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Here’s How We Organized Remote Work at the Readdle Team

As we’re entering these turbulent times due to COVID-19, the world is shutting down, and everyone is staying home. At Readdle, we’ve also started working from home to protect our employees and their families. We’ve made a guide on how to stay productive and created a list of 33 apps that can help you with that. I hope you find these articles useful.

Despite all the challenges, we at Readdle are fully operational and have an extensive roadmap for all our apps.

I believe tough times provide opportunities for individuals and companies to stand out, grow and evolve. Moreover, as we’re building an international team, it’s the perfect time to switch to the remote mode.

In this guide, I’d like to share how we've organized the 100% remote work for our team. 

At Readdle, we all share the same values and principles when it comes to teamwork and collaboration. At the same time, it’s up to each team inside the company to decide which tools to use or how often to make video calls, which processes to adopt and how to do it. The ultimate goal is to improve our ability to get things done and continue shipping great products for our users.

Here’s what I’ll cover in this guide:

  1. Our principles as a team
  2. Our communication practices
  3. Team sync & project management
  4. Meetings & brainstorms
  5. Company-wide tools
  6. Communication Cheat Sheet
  7. Tips for remote work

Our daily tasks and goals for 182 people at Readdle remain the same as they were before the pandemic. What has changed though, is the way we operate, communicate, collaborate and drive results.

Our goals while working from home:

  • Stay safe, healthy, and motivated 
  • Deliver even better results as one strong team 
  • Learn how to work remotely and efficiently
  • Execute the strategy
  • Enjoy it as a team

Our principles as a team

1. Trust

From day one, we’re building relationships based on openness and trust in one another. This works from bottom to top and vice versa. Trust empowers people to take responsibility. Everyone knows that even if they fail, there are always other teammates whom they can trust and who will help.

It’s crucial to communicate openly inside the entire team. That’s why from time to time, we host the Q&A sessions with the Readdle founders where everyone can ask any questions related to our business, goals, and company life. We believe it’s a great way to build trust across all company levels.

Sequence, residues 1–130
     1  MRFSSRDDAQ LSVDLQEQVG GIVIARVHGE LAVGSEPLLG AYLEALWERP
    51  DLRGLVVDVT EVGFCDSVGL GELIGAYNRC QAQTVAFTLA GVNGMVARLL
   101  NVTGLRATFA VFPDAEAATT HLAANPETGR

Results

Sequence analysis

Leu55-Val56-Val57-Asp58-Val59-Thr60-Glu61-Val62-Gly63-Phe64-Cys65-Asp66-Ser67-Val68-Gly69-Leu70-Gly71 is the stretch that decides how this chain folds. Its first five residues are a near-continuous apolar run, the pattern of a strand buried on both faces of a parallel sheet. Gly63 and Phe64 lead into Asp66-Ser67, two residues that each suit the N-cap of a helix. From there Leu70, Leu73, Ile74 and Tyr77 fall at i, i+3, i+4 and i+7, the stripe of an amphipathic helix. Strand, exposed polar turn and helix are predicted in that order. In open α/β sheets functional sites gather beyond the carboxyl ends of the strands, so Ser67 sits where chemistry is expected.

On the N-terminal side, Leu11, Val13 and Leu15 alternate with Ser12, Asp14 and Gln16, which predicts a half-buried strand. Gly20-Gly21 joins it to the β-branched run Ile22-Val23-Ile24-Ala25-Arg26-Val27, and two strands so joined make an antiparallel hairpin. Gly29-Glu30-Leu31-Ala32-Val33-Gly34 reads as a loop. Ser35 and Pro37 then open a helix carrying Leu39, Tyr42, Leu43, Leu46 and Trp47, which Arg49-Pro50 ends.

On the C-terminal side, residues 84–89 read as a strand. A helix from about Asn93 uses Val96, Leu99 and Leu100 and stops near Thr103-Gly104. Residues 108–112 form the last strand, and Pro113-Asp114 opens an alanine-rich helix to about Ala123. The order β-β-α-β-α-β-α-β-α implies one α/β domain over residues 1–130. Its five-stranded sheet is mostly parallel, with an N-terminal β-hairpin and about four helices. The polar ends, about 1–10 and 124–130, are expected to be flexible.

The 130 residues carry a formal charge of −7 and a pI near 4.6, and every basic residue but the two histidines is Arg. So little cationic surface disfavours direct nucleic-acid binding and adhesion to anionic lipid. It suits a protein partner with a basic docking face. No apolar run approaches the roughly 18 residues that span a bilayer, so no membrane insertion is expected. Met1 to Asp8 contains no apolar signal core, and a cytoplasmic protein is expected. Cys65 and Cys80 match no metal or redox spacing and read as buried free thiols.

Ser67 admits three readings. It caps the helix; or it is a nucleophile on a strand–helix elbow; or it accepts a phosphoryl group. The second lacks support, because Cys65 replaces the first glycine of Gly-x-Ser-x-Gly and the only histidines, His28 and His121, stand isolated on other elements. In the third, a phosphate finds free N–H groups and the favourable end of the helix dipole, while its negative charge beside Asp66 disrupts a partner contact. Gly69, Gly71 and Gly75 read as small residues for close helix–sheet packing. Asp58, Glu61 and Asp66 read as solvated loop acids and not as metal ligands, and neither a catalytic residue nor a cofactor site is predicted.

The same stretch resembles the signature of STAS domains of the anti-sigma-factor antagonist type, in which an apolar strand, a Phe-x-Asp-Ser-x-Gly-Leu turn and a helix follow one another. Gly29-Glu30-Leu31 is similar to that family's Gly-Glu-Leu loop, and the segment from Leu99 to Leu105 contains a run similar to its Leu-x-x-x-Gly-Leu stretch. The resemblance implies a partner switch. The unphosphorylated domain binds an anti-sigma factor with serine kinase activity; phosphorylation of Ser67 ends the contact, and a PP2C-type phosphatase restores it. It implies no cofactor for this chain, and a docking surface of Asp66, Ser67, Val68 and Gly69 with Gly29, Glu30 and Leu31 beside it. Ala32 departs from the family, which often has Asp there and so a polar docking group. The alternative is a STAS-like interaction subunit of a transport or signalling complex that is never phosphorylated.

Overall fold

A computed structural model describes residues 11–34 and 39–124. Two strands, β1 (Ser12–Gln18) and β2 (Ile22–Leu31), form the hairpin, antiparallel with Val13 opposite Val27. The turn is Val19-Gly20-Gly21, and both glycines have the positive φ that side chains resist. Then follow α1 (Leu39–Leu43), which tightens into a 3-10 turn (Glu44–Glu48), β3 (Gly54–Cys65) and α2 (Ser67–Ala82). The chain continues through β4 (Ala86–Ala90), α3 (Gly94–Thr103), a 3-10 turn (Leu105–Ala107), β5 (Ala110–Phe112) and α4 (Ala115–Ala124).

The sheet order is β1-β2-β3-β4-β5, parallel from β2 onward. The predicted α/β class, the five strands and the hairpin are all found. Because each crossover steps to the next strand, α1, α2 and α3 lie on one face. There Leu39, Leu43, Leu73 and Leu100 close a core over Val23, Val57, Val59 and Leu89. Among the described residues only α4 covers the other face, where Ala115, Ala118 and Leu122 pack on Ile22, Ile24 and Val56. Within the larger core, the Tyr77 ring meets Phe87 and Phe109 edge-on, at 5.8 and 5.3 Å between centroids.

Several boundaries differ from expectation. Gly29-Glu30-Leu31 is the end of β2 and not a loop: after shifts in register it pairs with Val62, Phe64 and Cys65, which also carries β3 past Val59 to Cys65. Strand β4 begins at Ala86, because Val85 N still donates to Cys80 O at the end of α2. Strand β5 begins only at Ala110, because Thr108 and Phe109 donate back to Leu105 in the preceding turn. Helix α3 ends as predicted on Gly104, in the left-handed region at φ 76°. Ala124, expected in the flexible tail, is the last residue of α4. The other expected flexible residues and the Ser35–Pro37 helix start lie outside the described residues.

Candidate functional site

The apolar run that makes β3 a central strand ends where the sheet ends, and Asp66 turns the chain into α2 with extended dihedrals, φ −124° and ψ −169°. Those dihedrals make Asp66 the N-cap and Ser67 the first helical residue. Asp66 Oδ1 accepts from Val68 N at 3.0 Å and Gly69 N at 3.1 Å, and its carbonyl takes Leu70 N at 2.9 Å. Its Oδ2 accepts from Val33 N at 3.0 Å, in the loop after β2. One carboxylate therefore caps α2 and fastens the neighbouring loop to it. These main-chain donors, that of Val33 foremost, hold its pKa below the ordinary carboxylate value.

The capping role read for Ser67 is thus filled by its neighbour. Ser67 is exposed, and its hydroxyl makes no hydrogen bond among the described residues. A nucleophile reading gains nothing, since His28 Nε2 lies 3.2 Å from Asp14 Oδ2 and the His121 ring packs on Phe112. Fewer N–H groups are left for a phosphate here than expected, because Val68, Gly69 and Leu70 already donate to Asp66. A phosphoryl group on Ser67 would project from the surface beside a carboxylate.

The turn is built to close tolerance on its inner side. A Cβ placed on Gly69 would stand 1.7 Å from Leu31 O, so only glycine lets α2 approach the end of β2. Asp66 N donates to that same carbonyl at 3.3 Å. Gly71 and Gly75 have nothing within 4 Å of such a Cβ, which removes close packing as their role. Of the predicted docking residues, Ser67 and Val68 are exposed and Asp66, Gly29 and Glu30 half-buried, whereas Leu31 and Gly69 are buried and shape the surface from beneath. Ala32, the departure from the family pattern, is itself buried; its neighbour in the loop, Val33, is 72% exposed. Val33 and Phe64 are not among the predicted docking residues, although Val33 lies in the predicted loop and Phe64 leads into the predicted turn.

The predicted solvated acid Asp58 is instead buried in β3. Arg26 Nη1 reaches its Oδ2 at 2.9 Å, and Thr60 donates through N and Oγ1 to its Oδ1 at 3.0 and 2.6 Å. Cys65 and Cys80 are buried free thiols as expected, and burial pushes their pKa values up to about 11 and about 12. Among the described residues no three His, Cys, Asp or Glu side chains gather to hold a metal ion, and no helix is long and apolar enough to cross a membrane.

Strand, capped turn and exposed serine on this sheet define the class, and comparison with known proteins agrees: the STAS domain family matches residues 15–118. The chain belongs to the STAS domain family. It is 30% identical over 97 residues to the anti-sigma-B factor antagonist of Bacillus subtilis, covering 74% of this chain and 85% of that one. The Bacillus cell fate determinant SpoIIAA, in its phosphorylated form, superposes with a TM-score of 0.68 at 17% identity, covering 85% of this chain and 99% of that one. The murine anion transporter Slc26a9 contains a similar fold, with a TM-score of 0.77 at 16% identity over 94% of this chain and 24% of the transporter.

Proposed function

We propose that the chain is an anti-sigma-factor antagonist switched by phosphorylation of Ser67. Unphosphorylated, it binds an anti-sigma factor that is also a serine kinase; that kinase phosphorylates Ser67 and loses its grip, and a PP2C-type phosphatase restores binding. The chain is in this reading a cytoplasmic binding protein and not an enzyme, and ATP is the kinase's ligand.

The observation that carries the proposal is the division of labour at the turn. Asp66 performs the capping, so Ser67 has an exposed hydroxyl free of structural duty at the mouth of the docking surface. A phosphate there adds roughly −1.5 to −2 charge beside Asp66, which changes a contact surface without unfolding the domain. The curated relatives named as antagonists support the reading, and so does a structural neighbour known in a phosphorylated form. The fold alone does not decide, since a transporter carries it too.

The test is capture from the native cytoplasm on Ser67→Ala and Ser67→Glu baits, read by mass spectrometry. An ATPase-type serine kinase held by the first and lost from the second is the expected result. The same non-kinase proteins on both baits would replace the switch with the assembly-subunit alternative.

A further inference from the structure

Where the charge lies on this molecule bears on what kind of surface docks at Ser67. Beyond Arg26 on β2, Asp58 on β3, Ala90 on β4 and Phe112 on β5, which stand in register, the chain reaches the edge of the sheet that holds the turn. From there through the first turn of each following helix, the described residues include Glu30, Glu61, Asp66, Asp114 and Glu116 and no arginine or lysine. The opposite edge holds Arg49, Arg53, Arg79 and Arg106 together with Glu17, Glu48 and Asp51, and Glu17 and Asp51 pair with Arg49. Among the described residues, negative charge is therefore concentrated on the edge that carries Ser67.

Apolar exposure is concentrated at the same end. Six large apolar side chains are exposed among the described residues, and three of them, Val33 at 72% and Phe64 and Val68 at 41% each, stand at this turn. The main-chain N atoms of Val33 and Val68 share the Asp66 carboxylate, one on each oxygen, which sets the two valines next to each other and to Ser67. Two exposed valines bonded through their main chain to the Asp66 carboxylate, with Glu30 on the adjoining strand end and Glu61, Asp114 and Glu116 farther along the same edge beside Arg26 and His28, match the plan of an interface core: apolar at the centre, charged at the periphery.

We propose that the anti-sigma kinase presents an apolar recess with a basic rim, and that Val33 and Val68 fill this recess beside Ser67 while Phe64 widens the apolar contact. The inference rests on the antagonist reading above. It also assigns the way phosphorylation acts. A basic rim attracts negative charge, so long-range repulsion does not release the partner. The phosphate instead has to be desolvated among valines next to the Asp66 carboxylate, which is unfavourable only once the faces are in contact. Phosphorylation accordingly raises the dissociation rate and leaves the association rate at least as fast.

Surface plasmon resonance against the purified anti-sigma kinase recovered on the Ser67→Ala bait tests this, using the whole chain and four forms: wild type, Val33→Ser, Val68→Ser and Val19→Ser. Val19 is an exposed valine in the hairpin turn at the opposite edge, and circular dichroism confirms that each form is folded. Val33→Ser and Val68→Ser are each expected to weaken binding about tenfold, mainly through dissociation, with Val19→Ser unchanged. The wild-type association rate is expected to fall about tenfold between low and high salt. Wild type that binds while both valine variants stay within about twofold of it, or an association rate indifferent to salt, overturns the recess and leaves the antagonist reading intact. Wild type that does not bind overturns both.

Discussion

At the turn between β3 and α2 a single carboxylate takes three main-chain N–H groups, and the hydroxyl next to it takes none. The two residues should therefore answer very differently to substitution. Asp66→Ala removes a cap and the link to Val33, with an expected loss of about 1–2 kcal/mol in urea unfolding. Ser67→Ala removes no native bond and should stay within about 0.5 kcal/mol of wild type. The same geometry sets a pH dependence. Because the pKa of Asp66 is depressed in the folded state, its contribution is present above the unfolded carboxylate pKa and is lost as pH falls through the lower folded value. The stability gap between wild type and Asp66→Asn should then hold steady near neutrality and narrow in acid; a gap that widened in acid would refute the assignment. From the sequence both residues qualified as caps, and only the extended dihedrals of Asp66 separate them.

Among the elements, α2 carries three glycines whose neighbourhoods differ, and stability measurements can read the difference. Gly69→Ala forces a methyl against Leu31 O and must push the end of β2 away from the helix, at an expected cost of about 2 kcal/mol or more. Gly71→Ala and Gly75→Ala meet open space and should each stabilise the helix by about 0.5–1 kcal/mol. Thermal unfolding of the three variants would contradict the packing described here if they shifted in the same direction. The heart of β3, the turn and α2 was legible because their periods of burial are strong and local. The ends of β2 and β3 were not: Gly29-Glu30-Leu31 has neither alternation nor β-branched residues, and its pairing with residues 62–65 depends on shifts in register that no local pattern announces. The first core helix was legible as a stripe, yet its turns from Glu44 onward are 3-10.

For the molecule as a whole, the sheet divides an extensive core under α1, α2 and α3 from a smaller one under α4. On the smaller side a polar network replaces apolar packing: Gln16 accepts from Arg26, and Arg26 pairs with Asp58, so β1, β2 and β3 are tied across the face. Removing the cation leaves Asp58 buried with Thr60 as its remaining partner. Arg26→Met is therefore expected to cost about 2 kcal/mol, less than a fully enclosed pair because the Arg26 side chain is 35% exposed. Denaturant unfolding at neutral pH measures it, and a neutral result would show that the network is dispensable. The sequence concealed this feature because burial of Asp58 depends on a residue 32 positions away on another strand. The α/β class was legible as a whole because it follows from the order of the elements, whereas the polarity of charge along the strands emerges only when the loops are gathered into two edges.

2.Mentorship

I learn from my team every day and show them respect for their decisions. At the same time, a leader must be a couple of steps ahead and think long term. A manager should be able to wisely guide their team, suggest better solutions if needed, and assist the team in achieving the best results. 

3. Respect

This goes without saying. At Readdle, we’re always respectful to each other, our opinions, expertise, personal life and involvement. It’s not about ego, or who’s right, it’s about making the right decisions for the business and for our customers.

4. Maturity

Readiness to take responsibility and ownership of a task is crucial on the remote. Each manager at Readdle has to rely on the maturity of their team and let them do the job for which they were hired. Importantly, you have to explicitly let them know they’re welcomed to do so not just on words but in deeds. 

Here’s some advice: Never take a peer's unfinished job and do it on your own because you know it better. Your goal is to grow and guide them. It’s better to suggest ideas, explain what and why should be changed, and work together until you’re both satisfied with a result.

5. Great relationships and having fun

We support each other and have fun from the whole process together. Occasionally, we have calls just to know how everyone’s doing, share what’s new in our lives, or just discuss common interests.

A survey about remote work inside our company has shown that people miss other people from Readdle, and this is the biggest challenge. It’s rewarding to work with great people who you trust, respect and have fun with while creating something great for millions of users.

Our communication practices

Communication is a key challenge for remote teams. That’s why as a team we follow these principles:

1. Overcommunicate and be responsive

Being remote allows people to focus on their tasks without distractions. Yet, the speed of communication is crucial to get things done. 

In our team, we’ve agreed on the speed of reply we expect from each other depending on the communication channel. These are not strict rules, but our expectations from each other and our professionalism:

  • Slack – up to 30-60 minutes during work hours.
  • Email – up to 3-4 hours. If it takes longer, confirm that you’ve seen an email and need more time to handle it.
  • Phone. This is the last resort. We can use it only for urgent matters or if a person isn’t replying anywhere during work hours.